American Black & White
A London-based exhibition presents a portrait of America’s past and present through the lenses of Magnum photographers Matt Black and Elliot Erwitt
Entitled American Black & White, the exhibition brings together new work from Matt Black’s series ‘The Geography of Poverty’, and Elliott Erwitt’s recently re-discovered work in Pittsburgh, taken during 1950. Collectively, the distinctive works in this exhibition present a portrait of urban and rural America, shot half a century apart, but united by the medium of black & white photography.
Examining life in the forgotten corners of America during the first months of the Trump presidency, Matt Black’s series ‘The Geography of Poverty’ finds region after region of the US marked by the competing conditions of poverty, violence, and prejudice as well as hope, honor, and pragmatism.
For this ongoing project, Black has traveled over 88,000 miles across 46 U.S. states, photographing communities whose poverty rates are in excess of 20%, and highlighting the country’s growing wealth divide. Shot as powerful and graphic black and white photographs, the new works in the exhibition span across Georgia, Alabama, Mississippi and South Dakota, and were taken during 2017. For the series, Black was awarded the Robert F. Kennedy Journalism Award as well as the W. Eugene Smith Memorial Prize.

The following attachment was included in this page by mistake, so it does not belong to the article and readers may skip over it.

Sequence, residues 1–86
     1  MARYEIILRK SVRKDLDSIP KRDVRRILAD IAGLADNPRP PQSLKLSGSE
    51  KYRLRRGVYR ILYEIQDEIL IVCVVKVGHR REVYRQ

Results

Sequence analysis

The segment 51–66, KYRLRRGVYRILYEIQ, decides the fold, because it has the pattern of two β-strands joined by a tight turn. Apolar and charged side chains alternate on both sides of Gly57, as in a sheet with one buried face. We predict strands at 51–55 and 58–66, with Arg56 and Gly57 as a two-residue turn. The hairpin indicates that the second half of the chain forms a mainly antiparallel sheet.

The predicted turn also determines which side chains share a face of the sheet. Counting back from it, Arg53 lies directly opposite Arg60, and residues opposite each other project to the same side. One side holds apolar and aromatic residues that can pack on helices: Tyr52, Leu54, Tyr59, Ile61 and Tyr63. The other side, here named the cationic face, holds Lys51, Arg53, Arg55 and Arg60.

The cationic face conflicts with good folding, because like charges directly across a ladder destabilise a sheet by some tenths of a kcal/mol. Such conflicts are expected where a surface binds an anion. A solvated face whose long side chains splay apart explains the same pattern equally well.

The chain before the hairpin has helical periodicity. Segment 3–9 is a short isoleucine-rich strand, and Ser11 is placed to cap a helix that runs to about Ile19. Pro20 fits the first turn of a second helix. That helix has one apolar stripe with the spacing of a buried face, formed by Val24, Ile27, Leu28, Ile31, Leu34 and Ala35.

In 1950, 22-year-old Elliott Erwitt was commissioned by the legendary Roy Stryker to document Pittsburgh, Pennsylvania, as it emerged from a notoriously polluted industrial city into a cleaner, more modern metropolis. Erwitt captured the dirt and the grit of the old city, the new buildings of the city’s rebirth, and most importantly, the individuality of the residents of Pittsburgh, creating a unique document of the city.
Drafted into the US army in Germany just four months after arriving in Pittsburgh, Erwitt was forced to abandon the project, leaving his negatives behind. The negatives were held at the Pennsylvania Department of the Carnegie Library of Pittsburgh, and as a result, a majority of these photographs have remained unseen for decades and will be exhibited here for the first time. This project, an early reportage in a quintessentially American post-war city reveals the making of Erwitt’s photographic style.